2. 15 Cases in Flushing, New York. Fifteen cases of Legionnaires’ disease were identified in Flushing, NY (New York City area) in October. NYC Health investigators tested several cooling towers and ordered disinfection of the ones in which Legionella was found.
3. Cases among Disneyland visitors. Twelve people who spent time in Anaheim, California in September were diagnosed with Legionnaires’ disease. After Orange County health officials saw that 9 of the 12 had visited Disneyland, the park shut down and disinfected two cooling towers. Most of the 12 who contracted the disease were hospitalized. One of the three persons who did not visit Disneyland in the days before onset of infection has died. Information about the environmental and epidemiologic investigation has not been reported.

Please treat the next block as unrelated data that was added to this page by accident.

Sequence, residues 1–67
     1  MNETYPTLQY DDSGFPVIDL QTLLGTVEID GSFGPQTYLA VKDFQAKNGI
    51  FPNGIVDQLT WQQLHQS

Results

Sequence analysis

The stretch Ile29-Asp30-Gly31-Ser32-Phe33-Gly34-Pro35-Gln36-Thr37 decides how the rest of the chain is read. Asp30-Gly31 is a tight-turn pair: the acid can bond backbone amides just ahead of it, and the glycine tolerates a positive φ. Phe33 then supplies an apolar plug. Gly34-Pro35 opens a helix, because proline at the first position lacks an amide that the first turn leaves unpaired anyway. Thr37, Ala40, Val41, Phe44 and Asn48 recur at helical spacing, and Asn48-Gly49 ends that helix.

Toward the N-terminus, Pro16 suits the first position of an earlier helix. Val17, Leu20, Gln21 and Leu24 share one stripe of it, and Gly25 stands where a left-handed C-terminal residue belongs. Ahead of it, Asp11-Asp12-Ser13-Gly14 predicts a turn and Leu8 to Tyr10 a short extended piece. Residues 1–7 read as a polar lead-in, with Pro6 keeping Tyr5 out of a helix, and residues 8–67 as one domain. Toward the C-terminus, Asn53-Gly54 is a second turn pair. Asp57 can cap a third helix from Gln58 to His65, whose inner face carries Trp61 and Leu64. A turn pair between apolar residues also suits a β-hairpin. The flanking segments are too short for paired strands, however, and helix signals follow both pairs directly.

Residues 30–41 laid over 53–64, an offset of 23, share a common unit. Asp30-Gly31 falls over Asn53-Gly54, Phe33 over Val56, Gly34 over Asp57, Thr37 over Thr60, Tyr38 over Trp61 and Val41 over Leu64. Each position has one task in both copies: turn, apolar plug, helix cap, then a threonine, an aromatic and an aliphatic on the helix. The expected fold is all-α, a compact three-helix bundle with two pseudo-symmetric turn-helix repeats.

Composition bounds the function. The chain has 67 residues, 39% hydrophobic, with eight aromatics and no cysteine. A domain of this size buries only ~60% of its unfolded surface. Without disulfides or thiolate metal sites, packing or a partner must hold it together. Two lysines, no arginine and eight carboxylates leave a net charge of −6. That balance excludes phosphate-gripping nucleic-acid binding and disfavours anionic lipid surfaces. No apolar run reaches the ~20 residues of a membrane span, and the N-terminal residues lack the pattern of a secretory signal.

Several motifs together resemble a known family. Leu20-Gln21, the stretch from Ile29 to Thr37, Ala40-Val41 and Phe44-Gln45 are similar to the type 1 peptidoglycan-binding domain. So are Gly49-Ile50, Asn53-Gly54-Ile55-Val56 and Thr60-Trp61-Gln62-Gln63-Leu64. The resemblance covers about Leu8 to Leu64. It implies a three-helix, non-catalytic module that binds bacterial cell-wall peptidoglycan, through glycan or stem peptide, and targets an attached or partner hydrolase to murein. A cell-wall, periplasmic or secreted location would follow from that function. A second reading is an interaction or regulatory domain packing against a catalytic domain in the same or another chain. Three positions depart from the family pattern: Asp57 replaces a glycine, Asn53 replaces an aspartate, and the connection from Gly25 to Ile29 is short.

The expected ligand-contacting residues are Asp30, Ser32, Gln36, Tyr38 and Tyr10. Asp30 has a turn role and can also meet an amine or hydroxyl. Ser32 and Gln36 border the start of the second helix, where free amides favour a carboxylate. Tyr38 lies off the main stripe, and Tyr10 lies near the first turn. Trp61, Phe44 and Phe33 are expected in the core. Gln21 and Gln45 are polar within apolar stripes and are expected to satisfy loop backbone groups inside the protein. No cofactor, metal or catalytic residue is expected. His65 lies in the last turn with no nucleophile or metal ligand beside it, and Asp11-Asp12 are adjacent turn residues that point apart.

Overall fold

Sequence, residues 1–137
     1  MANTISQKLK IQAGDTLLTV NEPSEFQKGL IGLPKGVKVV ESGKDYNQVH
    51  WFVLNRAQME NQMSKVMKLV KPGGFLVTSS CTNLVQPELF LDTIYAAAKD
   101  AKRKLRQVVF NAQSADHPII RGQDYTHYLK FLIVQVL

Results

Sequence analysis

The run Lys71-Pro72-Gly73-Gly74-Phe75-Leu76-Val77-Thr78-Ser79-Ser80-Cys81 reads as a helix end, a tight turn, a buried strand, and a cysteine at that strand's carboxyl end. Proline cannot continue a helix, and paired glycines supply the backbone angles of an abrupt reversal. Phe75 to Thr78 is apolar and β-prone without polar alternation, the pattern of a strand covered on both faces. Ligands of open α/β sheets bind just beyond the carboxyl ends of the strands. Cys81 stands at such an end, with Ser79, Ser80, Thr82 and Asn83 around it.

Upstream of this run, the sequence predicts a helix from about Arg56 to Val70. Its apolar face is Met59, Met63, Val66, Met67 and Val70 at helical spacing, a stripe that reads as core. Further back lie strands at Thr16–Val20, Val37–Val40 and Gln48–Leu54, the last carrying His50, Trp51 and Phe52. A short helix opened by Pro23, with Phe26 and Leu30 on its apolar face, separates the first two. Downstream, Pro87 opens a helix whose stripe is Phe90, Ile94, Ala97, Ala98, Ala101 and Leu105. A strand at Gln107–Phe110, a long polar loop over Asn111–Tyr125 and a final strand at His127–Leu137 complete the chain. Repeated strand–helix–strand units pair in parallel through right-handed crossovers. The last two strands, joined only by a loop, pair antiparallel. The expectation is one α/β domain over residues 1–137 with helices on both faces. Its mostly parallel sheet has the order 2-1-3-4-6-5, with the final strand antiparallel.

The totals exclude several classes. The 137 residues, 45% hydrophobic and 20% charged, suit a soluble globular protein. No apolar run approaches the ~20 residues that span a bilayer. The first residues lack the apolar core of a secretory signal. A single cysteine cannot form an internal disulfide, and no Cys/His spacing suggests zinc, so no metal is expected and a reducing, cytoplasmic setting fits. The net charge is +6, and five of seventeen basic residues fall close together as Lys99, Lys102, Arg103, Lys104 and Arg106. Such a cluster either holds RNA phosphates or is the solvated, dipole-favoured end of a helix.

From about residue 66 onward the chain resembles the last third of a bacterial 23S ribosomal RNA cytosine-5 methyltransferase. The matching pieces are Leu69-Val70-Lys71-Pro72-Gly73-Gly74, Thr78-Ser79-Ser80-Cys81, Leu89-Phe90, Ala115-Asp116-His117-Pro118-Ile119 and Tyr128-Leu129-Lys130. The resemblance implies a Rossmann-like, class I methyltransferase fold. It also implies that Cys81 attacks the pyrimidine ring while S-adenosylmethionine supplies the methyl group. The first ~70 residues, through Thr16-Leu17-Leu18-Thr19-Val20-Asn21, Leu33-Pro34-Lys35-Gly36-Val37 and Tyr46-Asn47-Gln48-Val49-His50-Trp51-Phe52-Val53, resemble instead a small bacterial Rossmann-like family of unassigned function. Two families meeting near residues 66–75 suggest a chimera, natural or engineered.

4.Five cases at a New York City assisted living facility. Five residents of an assisted living facility in the Bronx (New York City) Riverdale neighborhood were diagnosed with Legionnaires’ disease last month. All five recovered without hospitalization. Little information about the investigation or response was found in news reports except that additional chemicals were added to the facility’s cooling towers.
5. Potting mix the suspected source of 10 cases. Ten people in Christchurch, New Zealand were hospitalized with Legionnaires’ disease earlier this month. Potting mix was reported as the suspected source. In New Zealand and Australia, Legionella longbeachae in potting mix is a major source of Legionnaires’ disease, accounting for approximately half of reported cases.